The company pinned its financial troubles on the economic recession that caused a slowdown in spending among businesses and consumers.
NEC on Friday said it would cut 20,000 jobs worldwide as the economic recession in the fourth quarter of 2008 took a heavy toll across the manufacturer's businesses from information technology and PCs to mobile and electronic devices.
The Japanese company said the job cuts would be about evenly split between Japan and overseas. The reduction is expected to reduce costs by 80 billion yen, or $889.6 million, over the next two years.
The company pinned its financial troubles on the economic recession that caused a slowdown in spending among businesses and consumers, particularly in developed countries such as the United States and Europe. Spending also slowed in Japan, NEC said.
"The worsening financial environment resulted in decreased exports to developed countries and low consumption, thereby contributing to the spread of a simultaneous worldwide recession," the company said in a statement. NEC also said the strong yen contributed to its financial woes.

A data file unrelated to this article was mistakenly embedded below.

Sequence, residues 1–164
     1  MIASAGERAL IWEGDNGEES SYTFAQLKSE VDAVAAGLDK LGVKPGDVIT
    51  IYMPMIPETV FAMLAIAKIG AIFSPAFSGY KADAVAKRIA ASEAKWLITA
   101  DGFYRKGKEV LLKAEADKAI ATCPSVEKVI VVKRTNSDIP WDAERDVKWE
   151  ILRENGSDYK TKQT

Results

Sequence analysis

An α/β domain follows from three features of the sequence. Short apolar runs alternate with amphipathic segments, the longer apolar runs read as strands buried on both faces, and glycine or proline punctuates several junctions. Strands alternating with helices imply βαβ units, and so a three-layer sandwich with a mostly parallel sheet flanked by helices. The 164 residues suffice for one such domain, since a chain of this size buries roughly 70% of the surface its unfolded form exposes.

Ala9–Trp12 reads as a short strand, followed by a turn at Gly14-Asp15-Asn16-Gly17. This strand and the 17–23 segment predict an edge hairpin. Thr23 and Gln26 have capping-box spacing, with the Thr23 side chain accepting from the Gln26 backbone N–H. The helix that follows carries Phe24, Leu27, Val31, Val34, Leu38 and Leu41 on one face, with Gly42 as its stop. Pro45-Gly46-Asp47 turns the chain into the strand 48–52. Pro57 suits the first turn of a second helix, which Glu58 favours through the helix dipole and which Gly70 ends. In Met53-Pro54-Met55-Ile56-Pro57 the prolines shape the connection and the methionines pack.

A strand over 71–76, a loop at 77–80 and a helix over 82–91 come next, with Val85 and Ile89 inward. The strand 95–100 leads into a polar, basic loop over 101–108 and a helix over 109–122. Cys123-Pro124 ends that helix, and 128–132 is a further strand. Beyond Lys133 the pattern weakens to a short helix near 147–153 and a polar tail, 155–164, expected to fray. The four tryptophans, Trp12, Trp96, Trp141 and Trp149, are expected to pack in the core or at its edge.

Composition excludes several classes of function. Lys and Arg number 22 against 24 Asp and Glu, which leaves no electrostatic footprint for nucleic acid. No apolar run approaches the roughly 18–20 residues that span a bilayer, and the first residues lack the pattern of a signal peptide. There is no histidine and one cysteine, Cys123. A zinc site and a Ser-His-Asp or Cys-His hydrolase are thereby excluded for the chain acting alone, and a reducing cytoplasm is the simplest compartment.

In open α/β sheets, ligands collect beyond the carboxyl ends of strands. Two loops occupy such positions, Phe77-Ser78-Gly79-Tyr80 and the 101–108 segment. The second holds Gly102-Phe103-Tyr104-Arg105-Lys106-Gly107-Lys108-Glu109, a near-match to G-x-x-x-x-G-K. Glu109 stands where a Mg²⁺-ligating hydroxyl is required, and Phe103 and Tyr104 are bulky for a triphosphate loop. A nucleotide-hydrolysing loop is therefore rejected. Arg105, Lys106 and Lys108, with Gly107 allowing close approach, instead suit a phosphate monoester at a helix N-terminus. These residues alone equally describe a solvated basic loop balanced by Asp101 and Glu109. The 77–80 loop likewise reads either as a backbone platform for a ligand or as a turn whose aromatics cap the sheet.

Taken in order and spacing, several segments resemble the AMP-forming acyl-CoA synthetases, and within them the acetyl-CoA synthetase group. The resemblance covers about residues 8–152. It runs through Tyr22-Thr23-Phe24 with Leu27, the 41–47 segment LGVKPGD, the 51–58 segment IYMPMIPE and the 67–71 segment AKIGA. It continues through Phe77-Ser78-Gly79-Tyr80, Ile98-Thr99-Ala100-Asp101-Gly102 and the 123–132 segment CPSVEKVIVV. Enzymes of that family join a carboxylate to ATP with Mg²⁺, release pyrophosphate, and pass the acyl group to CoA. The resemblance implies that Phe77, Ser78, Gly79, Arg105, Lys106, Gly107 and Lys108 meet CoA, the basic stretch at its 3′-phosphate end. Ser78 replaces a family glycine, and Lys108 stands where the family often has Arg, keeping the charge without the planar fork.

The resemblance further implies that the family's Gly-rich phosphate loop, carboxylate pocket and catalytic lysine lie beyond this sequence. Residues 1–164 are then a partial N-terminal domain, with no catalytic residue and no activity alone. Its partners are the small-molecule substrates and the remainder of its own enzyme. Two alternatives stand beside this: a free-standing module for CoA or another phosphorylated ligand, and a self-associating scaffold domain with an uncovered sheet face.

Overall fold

For the fiscal third quarter ended Dec. 31, NEC said its net loss soared to 130 billion yen, or $1.45 billion, from 5.2 billion yen, or $57.8 million, during the same period a year ago. Revenues for the quarter fell nearly 10% to 948 billion yen, or $10.5 billion, from 1.05 trillion yen, or $11.7 billion.
The company lowered its forecast for the full fiscal year that runs through March to a net loss of 290 billion yen, or $3.2 billion. The company had forecast in October a net profit of 15 billion yen, or $166.8 million. The company also cuts its sales forecast to 4.2 trillion yen, or $46.7 billion, from 4.6 trillion yen, or $51.2 billion.
Meanwhile, Reuters news agency reported Friday that NEC was in talks with Toshiba on a partial merger of their respective chip operations. Such a combined business would have the potential of being bigger than Samsung Electronics' semiconductor unit.
Building A Mobile Business MindsetAmong 688 respondents, 46% have deployed mobile apps, with an additional 24% planning to in the next year. Soon all apps will look like mobile apps – and it's past time for those with no plans to get cracking.